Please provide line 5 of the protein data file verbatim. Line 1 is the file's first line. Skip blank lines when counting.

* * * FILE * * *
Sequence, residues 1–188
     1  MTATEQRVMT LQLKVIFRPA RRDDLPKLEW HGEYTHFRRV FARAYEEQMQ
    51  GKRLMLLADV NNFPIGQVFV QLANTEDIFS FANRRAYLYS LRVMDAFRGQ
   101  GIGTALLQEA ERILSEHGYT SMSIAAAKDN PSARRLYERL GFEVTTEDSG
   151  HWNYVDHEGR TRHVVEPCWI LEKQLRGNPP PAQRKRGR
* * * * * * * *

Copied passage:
   151  HWNYVDHEGR TRHVVEPCWI LEKQLRGNPP PAQRKRGR